During the last decades of the 20th century, a significant body of work has thrown into doubt the concept of “the city” as a universal object or category of analysis as well as traditional approaches to urban development and human settlements. This reappraisal has been caused partly by the emergence, in the global South, of megacities and mega-regions whose density, massive spatial expansion, sheer scale of population, high levels of risk and great wealth disparities have been accompanied by dynamic and unexpected modes of urban growth. Such is the case of Johannesburg. The latter has continued to expand in a relatively uncontrolled, decentralized if not random way. Today the city is better understood as a largely de-territorialized mega-region with multiple urban enclaves. Its myriad public spaces are increasingly privatized. Novel patterns of trans-regional migration, settlement and high consumption are transforming its economic and cultural fabric, paving the way for the emergence of highly stylized, hybrid, creolized forms. Visible and invisible networks of social and economic exchange participate in, but are also separate from the mainstream flows of global capital, real and fictitious. One of its defining features is not only its disjunctive social geography, but also the way in which humans and non-humans are linked together in heterogeneous and often unrecognized assemblages (electricity, food, air, energy, water) that contribute to the making of a unique urban form.  More than at any other point in its history, this mega-region is the direct outcome of a new nexus of nature, culture and finance as well as a different politics of human/non-human/techno-ecological relations. Using concepts and methods borrowed from design and aesthetic theory, architecture, digital mapping and curation, this Platform will initiate a cycle of new historical and ethnographic studies of Johannesburg. It will bring together scholars, writers, artists, architects, photographers, designers and planners. Building on Walter Benjamin model of the Arcades Project, it will explore the relationship between contemporary urban forms on the one hand,  and on the other, the complex technological networks and the organic, geological and biospheric metabolisms that shape them.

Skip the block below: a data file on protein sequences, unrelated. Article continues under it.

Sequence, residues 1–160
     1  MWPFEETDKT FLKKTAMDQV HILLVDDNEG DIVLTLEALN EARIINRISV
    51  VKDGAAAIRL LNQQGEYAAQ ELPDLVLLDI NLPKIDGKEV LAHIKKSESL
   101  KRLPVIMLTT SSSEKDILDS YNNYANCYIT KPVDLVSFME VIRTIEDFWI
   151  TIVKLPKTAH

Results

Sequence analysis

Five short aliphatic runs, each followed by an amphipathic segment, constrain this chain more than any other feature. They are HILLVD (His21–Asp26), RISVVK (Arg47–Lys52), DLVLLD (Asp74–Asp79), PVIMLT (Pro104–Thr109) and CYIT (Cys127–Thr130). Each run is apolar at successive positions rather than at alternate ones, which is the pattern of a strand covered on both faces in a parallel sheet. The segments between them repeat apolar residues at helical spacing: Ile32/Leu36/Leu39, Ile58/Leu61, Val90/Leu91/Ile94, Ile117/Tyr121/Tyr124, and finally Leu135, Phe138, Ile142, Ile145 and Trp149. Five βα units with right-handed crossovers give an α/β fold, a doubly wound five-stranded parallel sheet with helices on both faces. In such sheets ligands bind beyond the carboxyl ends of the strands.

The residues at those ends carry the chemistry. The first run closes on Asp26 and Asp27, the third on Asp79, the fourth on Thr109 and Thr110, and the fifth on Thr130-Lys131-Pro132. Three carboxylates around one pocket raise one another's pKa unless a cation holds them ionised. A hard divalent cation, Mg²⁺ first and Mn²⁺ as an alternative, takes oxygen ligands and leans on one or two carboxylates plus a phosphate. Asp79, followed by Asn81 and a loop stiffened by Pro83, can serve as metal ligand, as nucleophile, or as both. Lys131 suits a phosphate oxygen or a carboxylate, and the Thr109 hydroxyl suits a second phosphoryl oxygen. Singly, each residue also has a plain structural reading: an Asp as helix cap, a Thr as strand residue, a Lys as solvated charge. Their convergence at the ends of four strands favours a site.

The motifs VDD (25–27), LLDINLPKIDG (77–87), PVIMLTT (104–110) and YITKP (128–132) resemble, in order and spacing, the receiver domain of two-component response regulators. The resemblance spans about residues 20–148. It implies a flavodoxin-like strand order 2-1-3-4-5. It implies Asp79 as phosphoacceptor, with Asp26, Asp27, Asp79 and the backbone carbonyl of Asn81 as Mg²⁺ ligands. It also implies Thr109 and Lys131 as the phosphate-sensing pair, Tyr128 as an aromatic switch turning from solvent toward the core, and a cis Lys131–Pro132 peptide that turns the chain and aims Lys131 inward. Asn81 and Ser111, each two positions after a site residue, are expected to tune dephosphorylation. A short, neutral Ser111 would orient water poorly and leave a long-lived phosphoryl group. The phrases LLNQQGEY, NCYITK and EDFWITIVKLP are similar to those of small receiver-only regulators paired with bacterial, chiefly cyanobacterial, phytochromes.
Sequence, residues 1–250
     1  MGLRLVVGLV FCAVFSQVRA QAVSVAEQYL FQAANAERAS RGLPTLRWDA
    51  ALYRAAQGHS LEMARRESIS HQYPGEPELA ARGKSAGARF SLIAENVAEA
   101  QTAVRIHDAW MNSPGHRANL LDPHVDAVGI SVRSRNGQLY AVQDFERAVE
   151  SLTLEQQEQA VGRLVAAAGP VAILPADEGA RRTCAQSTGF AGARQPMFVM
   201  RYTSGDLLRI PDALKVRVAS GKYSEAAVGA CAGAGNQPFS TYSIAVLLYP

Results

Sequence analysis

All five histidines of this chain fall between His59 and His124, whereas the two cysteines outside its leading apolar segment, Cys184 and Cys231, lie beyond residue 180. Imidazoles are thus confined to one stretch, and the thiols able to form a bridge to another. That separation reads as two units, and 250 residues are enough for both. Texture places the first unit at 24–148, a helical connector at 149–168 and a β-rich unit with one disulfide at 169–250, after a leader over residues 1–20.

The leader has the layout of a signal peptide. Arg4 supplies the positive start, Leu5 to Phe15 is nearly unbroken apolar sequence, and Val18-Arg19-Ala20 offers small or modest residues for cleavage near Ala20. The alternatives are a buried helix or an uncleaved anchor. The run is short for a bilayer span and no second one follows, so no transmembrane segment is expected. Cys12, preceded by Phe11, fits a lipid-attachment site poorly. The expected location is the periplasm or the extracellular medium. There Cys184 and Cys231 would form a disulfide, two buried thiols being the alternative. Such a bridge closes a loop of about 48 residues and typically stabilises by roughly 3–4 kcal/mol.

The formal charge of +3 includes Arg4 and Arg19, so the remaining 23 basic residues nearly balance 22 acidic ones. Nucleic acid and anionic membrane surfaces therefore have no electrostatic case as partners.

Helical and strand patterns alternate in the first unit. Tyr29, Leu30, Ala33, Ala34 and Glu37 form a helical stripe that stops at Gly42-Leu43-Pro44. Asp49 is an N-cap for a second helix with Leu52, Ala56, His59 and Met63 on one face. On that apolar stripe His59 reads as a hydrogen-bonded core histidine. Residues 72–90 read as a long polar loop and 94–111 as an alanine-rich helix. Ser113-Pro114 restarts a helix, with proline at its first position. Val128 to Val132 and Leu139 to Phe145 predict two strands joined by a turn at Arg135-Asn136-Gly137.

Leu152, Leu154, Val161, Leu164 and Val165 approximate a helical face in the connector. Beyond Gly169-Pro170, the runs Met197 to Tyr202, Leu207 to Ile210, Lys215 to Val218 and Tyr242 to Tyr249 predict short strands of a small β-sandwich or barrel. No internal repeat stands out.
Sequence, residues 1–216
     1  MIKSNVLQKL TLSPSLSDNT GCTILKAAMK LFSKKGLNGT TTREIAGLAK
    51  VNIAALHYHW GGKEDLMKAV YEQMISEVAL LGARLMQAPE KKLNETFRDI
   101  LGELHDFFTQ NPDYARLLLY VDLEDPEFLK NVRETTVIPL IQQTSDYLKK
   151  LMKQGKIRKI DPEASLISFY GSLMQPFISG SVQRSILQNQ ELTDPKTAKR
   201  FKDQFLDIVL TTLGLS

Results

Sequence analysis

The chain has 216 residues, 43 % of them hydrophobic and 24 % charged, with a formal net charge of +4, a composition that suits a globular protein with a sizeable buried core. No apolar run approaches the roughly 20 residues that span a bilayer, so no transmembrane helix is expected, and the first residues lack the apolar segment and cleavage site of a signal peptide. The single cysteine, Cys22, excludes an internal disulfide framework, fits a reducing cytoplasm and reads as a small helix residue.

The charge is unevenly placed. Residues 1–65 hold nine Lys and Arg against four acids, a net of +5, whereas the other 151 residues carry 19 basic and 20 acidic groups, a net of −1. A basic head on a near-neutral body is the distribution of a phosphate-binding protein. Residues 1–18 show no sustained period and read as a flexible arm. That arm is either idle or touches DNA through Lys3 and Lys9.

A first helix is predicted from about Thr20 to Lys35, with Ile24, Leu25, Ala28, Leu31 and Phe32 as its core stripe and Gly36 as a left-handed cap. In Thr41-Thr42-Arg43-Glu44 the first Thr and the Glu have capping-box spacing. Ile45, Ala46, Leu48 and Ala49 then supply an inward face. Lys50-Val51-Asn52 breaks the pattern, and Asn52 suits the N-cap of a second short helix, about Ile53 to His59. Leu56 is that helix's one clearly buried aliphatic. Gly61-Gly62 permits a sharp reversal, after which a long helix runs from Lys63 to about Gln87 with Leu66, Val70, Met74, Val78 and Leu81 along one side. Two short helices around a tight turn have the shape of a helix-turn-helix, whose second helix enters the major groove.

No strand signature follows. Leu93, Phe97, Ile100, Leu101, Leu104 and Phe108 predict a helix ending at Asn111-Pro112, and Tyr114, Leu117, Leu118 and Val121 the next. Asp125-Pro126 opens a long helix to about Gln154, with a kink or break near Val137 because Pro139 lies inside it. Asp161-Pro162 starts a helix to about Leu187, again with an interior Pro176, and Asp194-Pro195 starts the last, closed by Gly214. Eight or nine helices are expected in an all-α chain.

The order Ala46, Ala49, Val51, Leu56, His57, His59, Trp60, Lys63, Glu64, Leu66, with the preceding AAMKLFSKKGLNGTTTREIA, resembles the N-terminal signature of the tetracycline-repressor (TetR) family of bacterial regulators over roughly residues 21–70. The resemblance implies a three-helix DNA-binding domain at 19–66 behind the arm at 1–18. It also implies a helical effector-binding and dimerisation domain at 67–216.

Digital Humanities and the Future of the Archive

Over the last two decades African humanities scholarship has been powerfully moved by an interest in real and figurative archives in shaping the politics of knowledge. This curiousity about the power of official and private archives in setting the limits of what can be known has coincided with a global change in the forms and qualities of texts that last occurred in the 16th century. The rapid expansion of the Internet, and the proliferation of digital textual forms and repositories that it fosters, presents difficult questions about the project of Humanities scholarship which is so closely bound to the form of the printed book. But it also offers compelling opportunities to reconsider and reorganise the work of private and public archives, and their effects. In the wake of collapses in state-support for academic libraries and book publishing there are real opportunities for African scholarship in the new forms of access, distribution and curatorship that are supported by the Internet. But – when many universities on the continent have no reliable electricity supply – the digital revolution is itself potentially a source of new kinds of intellectual exclusion that must be addressed pragmatically and with cunning. In this theme WISER will mobilize the emerging tools of the digital humanities to investigate, and rework, the deep politics and effects of the inherited archive, of official record keeping, the form of the book and visual cultures.

Medical Humanities in Africa

WISER is working to establish the field of medical humanities in South Africa with other partners at WITS and in the region. Medical Humanities took root in the interdisciplinary spaces between social history of medicine, medical sociology, medical anthropology, literary studies, art and film studies, cultural studies, politics, philosophy, legal studies, public health, psychiatry, medical economics and medical ethics. Although initially concerned with contrasting and comparing approaches from the humanities and medical science to themes of health, suffering, therapy, pain and illness, it has grown in ambition to consider the foundational question of what it is to be fully human, inviting debate around vital epistemological problems. The interface of medicine and humanities also demands a broadly interdisciplinary discussion about what constitutes evidence, and this is critical in the formulation of all contemporary political arguments, including health policies. For more information on this project see the Medical & Health Humanities Africa network site.